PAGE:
Finally, financial advisory title protection for consumers
Read this article for free:
Already have an account? Log in here »
To continue reading, please subscribe:
Monthly Digital Subscription
$4.75 per week*
- Enjoy unlimited reading on winnipegfreepress.com
- Read the E-Edition, our digital replica newspaper
- Access News Break, our award-winning app
- Play interactive puzzles
*Billed as $19.00 plus GST every four weeks. Cancel anytime.
Hey there, time traveller!
This article was published 01/04/2022 (353 days ago), so information in it may no longer be current.
Ladies and gentlemen, boys and girls, gather round. There is big news in the world of financial advice and investment management, a story which is more than three decades in the making.
Title protection is about to be proclaimed in Ontario.
“Huh?” you ask. What the heck does that mean? And why does it matter?
Well, I’m glad you asked.
Under the current rules in every province but Quebec, anyone can refer to themselves as “financial planner” or “financial adviser.”
That’s right, nothing stops your favourite Uber driver from saying he’s also a financial planner and offering you advice. Real financial planners have been lobbying provincial governments across the country since the 1980s to get that changed, so that only people with proper accreditation, education, experience, compliance with a code of ethics, exam completion and ongoing professional development requirements could use those titles.
The new standards came into effect on March 28, but will be phased in over time for some financial professionals.
The Financial Services Regulatory Authority will give financial planners and advisers who were using the title before Jan. 1, 2020, time to comply. Financial planners using the title before then will have a four-year transition period, while advisers who were using the title will have two years to comply with the new standards.
The new rules are significant for several reasons.
At least 40 per cent of the people who refer to themselves as planners or advisers practice in Ontario. Most of the head offices of their employers are in Ontario. As those organizations comply with the rules in Ontario, they will generally enforce the same rules for their employees across the country, one would hope.
As well, the other provincial securities commissions tend to follow the lead of Ontario in most regulatory areas. So, we can be hopeful that these overdue restrictions will be imposed on people and other provinces as well, for the protection of consumers.
Technically, the Financial Professionals Title Protection Rule is being implemented by the Financial Services Regulatory Authority of Ontario. It will approve the qualified individuals who will be authorized to use the titles “financial planner” or “financial adviser.”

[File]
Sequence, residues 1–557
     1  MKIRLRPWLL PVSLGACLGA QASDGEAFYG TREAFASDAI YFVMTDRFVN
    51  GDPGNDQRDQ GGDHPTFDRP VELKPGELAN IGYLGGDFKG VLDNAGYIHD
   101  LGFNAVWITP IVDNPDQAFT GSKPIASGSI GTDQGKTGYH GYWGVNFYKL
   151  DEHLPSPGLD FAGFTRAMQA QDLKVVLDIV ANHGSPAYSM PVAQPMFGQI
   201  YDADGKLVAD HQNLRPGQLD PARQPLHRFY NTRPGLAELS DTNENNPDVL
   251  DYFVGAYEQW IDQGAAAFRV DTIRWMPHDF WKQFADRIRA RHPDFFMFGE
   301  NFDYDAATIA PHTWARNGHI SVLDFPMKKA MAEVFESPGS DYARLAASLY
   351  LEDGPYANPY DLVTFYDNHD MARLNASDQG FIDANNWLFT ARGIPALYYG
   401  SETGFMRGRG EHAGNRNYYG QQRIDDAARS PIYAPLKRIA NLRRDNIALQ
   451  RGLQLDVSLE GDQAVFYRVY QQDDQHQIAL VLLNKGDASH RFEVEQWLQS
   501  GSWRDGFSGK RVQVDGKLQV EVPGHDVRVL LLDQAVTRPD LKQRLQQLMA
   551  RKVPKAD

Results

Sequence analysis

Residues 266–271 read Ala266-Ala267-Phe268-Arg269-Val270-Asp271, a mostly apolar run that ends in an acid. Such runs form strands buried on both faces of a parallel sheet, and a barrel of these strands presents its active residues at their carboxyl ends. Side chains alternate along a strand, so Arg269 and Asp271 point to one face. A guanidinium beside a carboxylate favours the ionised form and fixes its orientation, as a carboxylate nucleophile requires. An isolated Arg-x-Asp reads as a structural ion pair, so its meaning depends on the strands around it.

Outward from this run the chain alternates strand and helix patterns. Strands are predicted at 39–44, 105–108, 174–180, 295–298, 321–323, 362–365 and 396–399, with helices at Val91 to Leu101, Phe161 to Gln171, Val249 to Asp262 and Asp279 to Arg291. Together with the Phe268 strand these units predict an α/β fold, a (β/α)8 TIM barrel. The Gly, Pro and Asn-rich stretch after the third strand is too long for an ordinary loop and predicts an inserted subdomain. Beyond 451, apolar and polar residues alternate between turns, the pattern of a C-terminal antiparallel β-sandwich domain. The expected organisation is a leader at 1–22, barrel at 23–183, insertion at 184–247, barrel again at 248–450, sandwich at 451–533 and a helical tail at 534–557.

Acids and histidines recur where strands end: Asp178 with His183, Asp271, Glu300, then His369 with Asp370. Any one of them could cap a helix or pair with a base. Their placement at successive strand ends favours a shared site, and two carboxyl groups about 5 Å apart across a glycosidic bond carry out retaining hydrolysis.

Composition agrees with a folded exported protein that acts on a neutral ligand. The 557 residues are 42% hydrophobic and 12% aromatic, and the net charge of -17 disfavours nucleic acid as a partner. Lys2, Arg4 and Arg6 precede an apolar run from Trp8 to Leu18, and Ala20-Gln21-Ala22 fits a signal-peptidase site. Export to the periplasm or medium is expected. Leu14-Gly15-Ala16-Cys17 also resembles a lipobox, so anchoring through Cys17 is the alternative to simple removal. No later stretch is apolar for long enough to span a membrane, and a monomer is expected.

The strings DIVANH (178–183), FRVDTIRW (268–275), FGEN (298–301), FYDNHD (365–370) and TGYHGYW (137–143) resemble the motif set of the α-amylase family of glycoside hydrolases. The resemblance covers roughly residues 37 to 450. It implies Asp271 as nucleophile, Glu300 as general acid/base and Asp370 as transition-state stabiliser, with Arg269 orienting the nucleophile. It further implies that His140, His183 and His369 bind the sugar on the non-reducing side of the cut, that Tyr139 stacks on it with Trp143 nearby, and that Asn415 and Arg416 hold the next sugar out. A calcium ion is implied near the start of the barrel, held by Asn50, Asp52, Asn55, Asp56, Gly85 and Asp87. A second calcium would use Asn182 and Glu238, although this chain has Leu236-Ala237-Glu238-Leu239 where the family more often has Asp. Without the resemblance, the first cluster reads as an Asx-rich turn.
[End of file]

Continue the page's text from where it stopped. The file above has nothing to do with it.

Surprisingly, it appears they have not yet decided on the qualifying standards, or at least they have not announced the designations that will qualify. It appears this announcement will be made after the new rules take effect.
Several organizations have applied for authorization to certify people to use the new credentials. These include FP Canada (CFP and QAFP designations), The Institute for Advanced Financial Planning (R.F.P.) and Advocis (PFA and CLU).
All these designations require levels of training, proof of expertise, ongoing education and compliance with codes of ethics that put clients’ interests first.
Limiting the use of positive titles like “financial planner” and “financial adviser” to such accredited people will go along way to helping financial consumers determine who to trust.
Are you listening, Manitoba?
Dollars and Sense is meant as an introduction to this topic and should not in any way be construed as a replacement for personalized professional advice.
David Christianson, BA, CFP, R.F.P., TEP, CIM is recipient of the FP Canada™ Fellow (FCFP) Distinction, and repeatedly named a Top 50 Financial Advisor in Canada. He is a Senior Wealth Advisor and Portfolio Manager with Christianson Wealth Advisors at National Bank Financial Wealth Management, and author of the book Managing the Bull, A No-Nonsense Guide to Personal Finance.
Personal finance columnist
David has been a practising financial planner and life advisor since 1982, specializing in helping clients identify and reach their most important goals, and then helping them manage all of their financial affairs, including investments.